As he took on his more solid form, Lily smiled again, opening her eyes.

“Hi, Jack,” she said.

Again, he curled around her. And, again, she snuggled him, sighing a little as she did.

**Are you alright?** he asked.

“Uh-huh,” She nodded. “I am now.”

He stayed curled around her in silence for a little while. Finally, he spoke again.

**Lily, something plainly troubles thee. Wilt thou confide in me?**

She sighed again.

**Have you tormentors? Do those who are near thee give thee pain?**

It was almost unheard of, but he had learned over the years that some rare ponies would turn on their own children. Of course, one of the first lessons that his mother had ever taught him was to never prey upon ponies, no matter the cause they offered him. That was bad, she’d said. And she’d been right.

Still. Jack had also discovered during his hunts that, under the right circumstances, he was willing to be a little bad.

But the filly shook her head.

“No, it’s nothing like that. It’s just…” She sighed. “I don’t know. It’s always so sad at night. An’ I’m lonesome. An’ it’s scary.”

Jack considered this.

**I can’t promise to come here every night,** he said. **Nor even most nights.**

She squeezed harder.

**But I know someone else who can,** he went on. **Though I should warn thee, he can be a little scary himself.**

“Oh, I don’t mind scary when it’s friends,” she said into his smoky fur. “Scary friends keep the monsters away. But…” She looked down, and said softly, “Will you still come sometimes?”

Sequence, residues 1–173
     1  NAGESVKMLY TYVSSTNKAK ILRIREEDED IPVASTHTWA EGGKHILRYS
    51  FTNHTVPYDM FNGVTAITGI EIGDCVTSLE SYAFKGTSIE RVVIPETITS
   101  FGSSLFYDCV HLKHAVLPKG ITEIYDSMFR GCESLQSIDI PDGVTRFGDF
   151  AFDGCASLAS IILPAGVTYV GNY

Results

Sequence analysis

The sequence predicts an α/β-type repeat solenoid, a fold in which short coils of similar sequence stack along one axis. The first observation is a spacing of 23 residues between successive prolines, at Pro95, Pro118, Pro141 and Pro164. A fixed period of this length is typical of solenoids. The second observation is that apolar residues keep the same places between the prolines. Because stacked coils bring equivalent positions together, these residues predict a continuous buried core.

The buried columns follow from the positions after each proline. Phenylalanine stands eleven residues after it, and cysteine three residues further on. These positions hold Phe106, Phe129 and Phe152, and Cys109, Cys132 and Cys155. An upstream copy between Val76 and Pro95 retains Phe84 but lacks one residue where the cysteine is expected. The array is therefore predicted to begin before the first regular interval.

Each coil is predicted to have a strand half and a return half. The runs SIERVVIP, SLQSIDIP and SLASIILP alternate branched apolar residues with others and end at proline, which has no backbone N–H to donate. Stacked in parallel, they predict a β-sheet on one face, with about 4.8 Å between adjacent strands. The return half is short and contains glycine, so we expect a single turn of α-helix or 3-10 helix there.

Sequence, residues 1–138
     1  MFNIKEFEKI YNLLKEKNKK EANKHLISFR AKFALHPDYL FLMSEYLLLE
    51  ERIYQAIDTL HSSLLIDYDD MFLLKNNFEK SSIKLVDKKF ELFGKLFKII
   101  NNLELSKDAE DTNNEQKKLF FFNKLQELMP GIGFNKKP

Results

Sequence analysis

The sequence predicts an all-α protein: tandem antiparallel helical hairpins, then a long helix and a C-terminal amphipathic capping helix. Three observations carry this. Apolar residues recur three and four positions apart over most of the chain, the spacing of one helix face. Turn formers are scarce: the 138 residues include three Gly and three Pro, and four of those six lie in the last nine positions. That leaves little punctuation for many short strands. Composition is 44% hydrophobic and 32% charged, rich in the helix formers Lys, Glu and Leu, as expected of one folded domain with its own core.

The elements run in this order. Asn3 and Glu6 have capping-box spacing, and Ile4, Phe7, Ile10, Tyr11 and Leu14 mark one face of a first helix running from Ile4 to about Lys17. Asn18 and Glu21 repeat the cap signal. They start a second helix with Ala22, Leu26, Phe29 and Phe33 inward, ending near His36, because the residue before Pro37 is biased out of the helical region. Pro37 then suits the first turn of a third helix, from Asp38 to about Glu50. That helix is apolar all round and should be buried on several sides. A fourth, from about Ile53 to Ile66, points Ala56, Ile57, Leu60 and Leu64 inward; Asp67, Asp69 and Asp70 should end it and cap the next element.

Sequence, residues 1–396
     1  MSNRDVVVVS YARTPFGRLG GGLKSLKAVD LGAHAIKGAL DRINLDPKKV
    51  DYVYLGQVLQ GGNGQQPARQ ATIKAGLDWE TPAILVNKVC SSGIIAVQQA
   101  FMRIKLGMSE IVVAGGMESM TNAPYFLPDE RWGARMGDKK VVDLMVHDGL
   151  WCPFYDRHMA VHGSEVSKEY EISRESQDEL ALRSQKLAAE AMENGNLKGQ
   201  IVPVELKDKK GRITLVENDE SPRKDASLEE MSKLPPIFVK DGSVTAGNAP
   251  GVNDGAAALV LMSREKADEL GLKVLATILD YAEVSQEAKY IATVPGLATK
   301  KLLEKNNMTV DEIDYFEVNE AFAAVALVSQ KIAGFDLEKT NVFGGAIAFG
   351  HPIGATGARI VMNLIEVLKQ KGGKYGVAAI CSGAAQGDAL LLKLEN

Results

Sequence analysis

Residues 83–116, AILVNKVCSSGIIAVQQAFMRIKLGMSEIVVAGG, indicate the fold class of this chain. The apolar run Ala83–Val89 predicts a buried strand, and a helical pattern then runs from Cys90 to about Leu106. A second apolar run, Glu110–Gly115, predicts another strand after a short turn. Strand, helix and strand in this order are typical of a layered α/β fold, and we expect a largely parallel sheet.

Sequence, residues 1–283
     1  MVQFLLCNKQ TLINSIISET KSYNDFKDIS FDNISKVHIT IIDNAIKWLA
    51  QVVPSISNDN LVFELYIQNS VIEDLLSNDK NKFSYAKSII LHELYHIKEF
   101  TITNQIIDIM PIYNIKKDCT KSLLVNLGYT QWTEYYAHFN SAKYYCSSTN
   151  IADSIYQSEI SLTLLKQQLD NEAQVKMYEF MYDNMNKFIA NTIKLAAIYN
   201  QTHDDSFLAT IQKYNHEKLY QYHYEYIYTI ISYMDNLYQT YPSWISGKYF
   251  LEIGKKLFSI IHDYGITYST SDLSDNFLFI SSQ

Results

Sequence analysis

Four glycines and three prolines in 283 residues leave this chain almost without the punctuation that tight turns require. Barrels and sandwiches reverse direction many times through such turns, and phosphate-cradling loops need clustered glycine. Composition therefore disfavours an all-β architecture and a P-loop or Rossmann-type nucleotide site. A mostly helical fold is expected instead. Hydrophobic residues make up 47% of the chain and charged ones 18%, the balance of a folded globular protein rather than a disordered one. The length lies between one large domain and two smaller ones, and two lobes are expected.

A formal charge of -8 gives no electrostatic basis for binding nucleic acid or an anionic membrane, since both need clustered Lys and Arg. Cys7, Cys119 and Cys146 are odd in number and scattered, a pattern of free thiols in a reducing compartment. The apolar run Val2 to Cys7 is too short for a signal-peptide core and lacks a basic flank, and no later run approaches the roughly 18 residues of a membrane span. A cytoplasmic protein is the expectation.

**Yes,** Jack nodded, smiling. **But for now, wilt thou pardon me but briefly? I can introduce the two of you tonight, if you like.**

Reluctantly, she let him go.

Jack vanished in a swirl of shadow. He reappeared a few minutes later, something black and orange straddling his back.

For the first time, Lily sat up. “What’s that?”

Jack smiled.

**This,** he said, **is a tiger.**

She studied the stuffed toy carefully.

“What’s a tiger?”

**The tigers are a proud and powerful people,** Jack explained. **They are mighty of fang and claw, and skilled hunters, and enjoy being cuddled at night.**

Then, eyes narrowed, he added, **And… they are terrible in their defence of their friends.**

Lily nodded very seriously. “How do I get to be his friend?”

**I shall teach thee his name,** Jack answered. **Each tiger has many names, and most of them are secrets we shall never know. But I can tell thee the special name by which he is called by his friends, and thou can tell him thine.**

“And then we’ll be friends?”

**For as long as thou dost love him.**

Lily took the toy from his back and hugged it close.

“I’ll be a good friend,” she said into the tiger’s orange and black cloth. “I’ll keep thee safe. I promise.”

Jack smiled at her, his soulfire crackling warmly. Then, he leaned forward in the secret dark, and whispered into his friend’s ear their tiger’s special name.

* * * *

Ages passed. Generations were born and died. Its origin long forgotten, the little cloth tiger continued to be passed down.

Sometimes it was a birthday present. Sometimes, it was given for Hearth’s Warming Eve. Sometimes, it was given just because.

But always, always, with the passing of the little tiger came the explanation that tigers are a special people. That they are proud, and powerful warriors. That they are mighty hunters. That they are protective of their friends.

And above all: that to befriend a tiger, one must learn their special name, and love them.

Author's Note:

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Jack’s story continues in modern day here.